So, we have seen how to properly set up one docker and use docker file for that process and the layers that are involved. In a real-life scenario, one docker alone is not very useful and can’t really perform a lot of tasks. So most of the time we end up setting up more than one docker which communicates with other running containers to carry out a task.
To communicate with other dockers we need to set up networking within these for these containers to send and receive data. So, let’s see how many types of docker network are there and how do they work.
Docker containers are running on a bridged network when all of them are on the same network of 184.108.40.206/16. In this way they can easily communicate between themselves.
In this scenario the docker container’s port are mapped to the port of the host machine. As we perform port mapping so so no other container can use that port as it is already being used by other container.
This is the case when there is a container running on a total different network form other docker containers and can’t communicate with any of them.
Now, that we know about these container networks you might have this question on your mind what if you wanted to setup containers on two different networks so that they can function in isolation from each other.
Creating User-defined Network
So, let’s focus on the topic of how to setup a specific network for your different docker containers. The reason we are looking into this is that by default the docker containers are spawned in the 172.17.0.1 network. When we start setting up docker all over the place, then we need to segregate them properly in networks so as to reduce the confusion and have a clear boundary regarding which certain dockers are meant to communicate with which certain dockers.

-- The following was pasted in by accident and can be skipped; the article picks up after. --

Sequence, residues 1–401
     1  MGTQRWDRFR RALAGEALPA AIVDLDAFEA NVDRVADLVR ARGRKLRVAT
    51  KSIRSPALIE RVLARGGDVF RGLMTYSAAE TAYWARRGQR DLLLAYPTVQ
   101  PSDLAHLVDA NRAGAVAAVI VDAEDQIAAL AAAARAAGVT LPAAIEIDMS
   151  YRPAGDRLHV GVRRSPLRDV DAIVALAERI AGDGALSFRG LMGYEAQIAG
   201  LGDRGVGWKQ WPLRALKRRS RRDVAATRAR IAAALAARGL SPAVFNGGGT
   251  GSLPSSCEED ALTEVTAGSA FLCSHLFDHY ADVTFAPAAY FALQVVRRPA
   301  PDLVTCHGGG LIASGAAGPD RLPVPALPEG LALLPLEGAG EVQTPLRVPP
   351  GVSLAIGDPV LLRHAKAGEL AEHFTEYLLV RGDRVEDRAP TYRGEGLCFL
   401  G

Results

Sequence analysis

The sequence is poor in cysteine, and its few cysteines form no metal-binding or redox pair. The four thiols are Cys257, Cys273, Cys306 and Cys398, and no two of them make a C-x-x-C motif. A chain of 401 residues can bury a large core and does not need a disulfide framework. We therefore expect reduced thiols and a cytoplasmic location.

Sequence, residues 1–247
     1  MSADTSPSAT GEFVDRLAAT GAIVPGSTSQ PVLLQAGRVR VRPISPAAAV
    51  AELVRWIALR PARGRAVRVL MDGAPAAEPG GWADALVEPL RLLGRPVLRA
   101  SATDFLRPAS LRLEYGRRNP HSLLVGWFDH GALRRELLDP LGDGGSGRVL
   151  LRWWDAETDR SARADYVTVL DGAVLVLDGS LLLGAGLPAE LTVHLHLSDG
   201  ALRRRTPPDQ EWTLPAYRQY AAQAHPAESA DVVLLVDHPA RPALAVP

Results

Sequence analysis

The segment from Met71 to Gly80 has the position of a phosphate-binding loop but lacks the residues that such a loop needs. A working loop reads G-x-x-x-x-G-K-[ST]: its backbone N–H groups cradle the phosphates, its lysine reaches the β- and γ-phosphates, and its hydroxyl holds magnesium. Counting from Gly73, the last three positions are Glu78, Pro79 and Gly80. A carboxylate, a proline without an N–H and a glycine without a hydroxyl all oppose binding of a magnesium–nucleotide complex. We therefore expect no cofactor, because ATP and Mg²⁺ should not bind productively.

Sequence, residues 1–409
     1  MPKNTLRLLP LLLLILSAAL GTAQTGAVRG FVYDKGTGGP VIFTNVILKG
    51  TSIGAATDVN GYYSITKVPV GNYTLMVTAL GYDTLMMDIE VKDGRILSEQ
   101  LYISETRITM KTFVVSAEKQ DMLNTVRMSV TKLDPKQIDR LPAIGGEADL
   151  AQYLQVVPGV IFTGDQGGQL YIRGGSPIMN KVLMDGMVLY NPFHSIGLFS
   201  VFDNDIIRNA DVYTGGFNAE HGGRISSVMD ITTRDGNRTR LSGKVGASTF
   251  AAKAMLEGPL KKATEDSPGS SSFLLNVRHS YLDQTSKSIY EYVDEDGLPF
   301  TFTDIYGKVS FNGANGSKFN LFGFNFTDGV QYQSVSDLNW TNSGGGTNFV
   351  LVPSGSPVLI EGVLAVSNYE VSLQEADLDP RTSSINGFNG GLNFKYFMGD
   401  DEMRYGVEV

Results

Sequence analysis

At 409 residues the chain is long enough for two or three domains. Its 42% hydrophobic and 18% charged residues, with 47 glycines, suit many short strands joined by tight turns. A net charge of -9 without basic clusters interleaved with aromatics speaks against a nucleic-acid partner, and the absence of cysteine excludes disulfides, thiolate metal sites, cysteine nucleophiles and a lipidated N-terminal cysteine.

docker network create \
--driver bridge \
--subnet 220.127.116.11/16 \
This is the command that is to be executed create a new network, here we can define the type of network we want it to be, like bridge, host or none. Once we have done that then we need to decide the subnet and CIDR. In the last part of the command, we need to give a name to the network.
$ docker network ls
This will help you list all the containers and the network they are running on.
$ docker inspect <container-name>
This command will give you the results of the network of the container.
When it comes to Docker networking there are certain points that we must always remember
All Containers can resolve each other using container name so instead of using the IP address we should always use their container name. The inbuilt DNS server always runs on 127.0.0.11 IP address.
These two things help you a lot when setting up these environments.
This article has mainly focused on the layered architecture of Docker Images, the image layer and the container layer. It has also gone through setting up the docker network and the different type of networks that mainly exist, bridge network, host network and the isolated network. It also went through the step needed to setup independent networks and points to keep in mind while creating an independent network. I have more articles related to Docker that I will be publishing in this upcoming week. Stay tuned for those.
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To present you with this content I had to go through a lot of video content and lab environments.